Three-day weekend

From several sources recently, references to the word triduum. From NOAD2:

(especially in the Roman Catholic Church) a period of three days’ observance, specifically Maundy Thursday, Good Friday, and Holy Saturday. ORIGIN Latin, from tri- ‘three’ + dies ‘day’.

But the term could easily be used for any three-day holiday, of which there are a number in the US, Canada, and UK (among other places).

The Wikipedia entry for triduum explains how Easter Sunday gets into it, through the definition of day that (as in Jewish tradition) begins and ends at sunset:

Easter Triduum, Holy Triduum, Paschal Triduum, or The Three Days, is the period of three days that begins with the liturgy on the evening of Maundy Thursday (the vigil of Good Friday) [the day of the Last Supper] and ends with evening prayer on Easter Sunday, the three-day period therefore from the evening of Maundy Thursday (excluding most of Thursday) to the evening of Resurrection Sunday. It recalls the passion, death, burial, and resurrection of Jesus, as portrayed in the canonical Gospels.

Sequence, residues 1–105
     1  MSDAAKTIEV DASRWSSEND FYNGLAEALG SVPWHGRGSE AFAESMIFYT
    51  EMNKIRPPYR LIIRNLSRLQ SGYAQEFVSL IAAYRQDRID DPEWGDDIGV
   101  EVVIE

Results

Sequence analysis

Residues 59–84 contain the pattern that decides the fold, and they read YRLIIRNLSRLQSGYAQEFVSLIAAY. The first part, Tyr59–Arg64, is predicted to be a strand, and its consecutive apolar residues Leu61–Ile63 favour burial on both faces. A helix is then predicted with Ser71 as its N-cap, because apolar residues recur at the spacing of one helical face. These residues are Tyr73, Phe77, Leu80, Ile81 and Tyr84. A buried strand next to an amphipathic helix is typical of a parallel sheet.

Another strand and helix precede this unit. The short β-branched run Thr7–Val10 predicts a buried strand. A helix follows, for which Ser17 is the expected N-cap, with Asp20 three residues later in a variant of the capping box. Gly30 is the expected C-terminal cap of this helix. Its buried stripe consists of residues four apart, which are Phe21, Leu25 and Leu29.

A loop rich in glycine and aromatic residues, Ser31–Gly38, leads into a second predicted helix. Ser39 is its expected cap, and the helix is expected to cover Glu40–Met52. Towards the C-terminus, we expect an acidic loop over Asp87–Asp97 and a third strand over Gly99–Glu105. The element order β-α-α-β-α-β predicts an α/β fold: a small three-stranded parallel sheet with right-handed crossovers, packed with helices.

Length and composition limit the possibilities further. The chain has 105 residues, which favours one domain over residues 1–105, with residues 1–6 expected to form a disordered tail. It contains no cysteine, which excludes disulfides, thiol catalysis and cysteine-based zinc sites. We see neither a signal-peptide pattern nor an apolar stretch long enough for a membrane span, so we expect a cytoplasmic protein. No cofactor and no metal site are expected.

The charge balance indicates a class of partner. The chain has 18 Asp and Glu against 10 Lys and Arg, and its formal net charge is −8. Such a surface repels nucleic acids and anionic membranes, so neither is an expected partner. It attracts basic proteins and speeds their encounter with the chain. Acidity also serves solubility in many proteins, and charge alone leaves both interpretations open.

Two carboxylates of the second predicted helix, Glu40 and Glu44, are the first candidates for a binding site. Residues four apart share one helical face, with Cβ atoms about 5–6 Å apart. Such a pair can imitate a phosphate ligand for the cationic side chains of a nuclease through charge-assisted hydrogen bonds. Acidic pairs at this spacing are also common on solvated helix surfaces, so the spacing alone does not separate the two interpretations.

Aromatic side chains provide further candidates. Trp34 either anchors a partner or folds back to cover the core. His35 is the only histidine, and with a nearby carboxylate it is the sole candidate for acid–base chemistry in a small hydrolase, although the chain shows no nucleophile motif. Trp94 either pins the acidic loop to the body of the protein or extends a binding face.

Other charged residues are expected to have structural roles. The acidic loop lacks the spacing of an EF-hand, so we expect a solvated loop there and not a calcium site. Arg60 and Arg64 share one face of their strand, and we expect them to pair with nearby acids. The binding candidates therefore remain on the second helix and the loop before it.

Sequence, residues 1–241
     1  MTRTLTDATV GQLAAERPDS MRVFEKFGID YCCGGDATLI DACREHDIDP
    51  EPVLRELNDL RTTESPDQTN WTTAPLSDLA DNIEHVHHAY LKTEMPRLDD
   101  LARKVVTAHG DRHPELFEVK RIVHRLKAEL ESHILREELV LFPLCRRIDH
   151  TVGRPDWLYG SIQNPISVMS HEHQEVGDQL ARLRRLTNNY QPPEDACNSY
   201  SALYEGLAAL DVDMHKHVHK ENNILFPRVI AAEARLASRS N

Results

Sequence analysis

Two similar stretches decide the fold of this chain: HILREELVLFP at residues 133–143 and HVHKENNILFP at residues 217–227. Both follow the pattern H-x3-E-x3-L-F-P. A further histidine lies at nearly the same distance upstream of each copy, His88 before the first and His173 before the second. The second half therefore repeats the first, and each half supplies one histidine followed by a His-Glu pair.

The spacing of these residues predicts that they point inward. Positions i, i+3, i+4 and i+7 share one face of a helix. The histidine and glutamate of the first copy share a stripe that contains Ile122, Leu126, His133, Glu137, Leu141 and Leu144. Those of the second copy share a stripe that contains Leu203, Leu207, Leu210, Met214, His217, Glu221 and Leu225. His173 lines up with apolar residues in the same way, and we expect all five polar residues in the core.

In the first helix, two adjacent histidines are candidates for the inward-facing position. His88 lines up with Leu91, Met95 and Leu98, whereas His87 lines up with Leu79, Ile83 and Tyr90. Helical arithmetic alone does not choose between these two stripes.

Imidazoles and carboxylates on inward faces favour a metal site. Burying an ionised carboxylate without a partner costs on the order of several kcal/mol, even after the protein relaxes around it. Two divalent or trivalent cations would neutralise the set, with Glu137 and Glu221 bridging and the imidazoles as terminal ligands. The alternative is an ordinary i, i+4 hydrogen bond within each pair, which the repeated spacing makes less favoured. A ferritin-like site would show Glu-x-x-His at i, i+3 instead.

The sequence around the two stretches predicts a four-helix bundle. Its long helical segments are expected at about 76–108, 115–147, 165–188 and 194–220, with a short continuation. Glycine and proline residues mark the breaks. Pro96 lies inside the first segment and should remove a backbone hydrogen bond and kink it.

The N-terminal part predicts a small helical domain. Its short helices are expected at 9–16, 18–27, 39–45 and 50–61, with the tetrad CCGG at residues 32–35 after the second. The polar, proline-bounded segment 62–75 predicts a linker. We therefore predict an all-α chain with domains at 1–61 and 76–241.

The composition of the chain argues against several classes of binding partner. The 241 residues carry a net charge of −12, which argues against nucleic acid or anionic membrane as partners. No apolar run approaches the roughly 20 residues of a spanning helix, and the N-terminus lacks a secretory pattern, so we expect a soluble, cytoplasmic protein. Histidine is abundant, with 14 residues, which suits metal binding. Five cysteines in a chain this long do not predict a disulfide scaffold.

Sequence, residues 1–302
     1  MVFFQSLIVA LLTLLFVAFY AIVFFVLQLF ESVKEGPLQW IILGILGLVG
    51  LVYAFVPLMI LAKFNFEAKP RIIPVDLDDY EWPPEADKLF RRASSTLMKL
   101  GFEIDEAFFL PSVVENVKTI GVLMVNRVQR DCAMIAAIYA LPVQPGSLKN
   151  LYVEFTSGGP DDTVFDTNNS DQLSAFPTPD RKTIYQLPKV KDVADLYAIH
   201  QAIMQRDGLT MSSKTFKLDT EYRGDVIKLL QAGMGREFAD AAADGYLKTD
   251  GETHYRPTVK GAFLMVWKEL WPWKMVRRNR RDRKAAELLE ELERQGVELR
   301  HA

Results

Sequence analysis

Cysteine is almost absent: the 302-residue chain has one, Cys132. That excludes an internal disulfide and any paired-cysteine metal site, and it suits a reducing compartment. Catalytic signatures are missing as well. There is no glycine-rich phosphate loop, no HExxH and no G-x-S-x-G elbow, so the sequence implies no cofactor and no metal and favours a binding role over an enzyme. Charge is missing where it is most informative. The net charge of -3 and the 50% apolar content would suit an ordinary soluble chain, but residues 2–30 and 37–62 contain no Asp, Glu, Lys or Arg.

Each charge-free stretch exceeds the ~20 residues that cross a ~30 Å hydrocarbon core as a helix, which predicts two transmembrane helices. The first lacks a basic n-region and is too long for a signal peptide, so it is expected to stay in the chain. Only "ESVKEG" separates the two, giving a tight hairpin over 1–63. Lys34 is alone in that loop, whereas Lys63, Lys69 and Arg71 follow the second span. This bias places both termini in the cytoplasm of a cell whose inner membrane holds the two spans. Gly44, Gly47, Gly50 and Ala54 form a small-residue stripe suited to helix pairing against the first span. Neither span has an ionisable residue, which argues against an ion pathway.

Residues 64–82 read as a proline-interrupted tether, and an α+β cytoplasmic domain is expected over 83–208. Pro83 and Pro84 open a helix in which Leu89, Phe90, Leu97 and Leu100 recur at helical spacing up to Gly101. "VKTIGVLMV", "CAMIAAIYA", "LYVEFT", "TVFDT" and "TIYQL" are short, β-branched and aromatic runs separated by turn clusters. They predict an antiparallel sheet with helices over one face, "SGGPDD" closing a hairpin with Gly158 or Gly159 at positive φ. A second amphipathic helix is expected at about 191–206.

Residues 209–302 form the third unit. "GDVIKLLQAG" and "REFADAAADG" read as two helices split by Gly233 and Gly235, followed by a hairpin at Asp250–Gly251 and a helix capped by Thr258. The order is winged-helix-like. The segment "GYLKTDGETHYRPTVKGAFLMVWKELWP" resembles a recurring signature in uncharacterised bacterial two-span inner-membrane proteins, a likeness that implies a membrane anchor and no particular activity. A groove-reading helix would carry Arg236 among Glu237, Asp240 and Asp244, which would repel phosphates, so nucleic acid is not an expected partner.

Extending the usage, we could have the (US) Labor Day Triduum, the (US) Memorial Day Triduum, and so on. Triduum is one word, three syllables, marginally shorter than three-day weekend (two or three words, depending on how you count, four syllables). Consider it.

2 Responses to “Three-day weekend”

  1. John Lawler Says:

    Clearly, it should be spelled Tridwm.

  2. Maundy Thursday | Arnold Zwicky's Blog Says:

    […] Thursday is the first day of the triduum, a three-day part of Holy Week. Tomorrow comes the Cruxifiction, then on Sunday the Resurrection, […]

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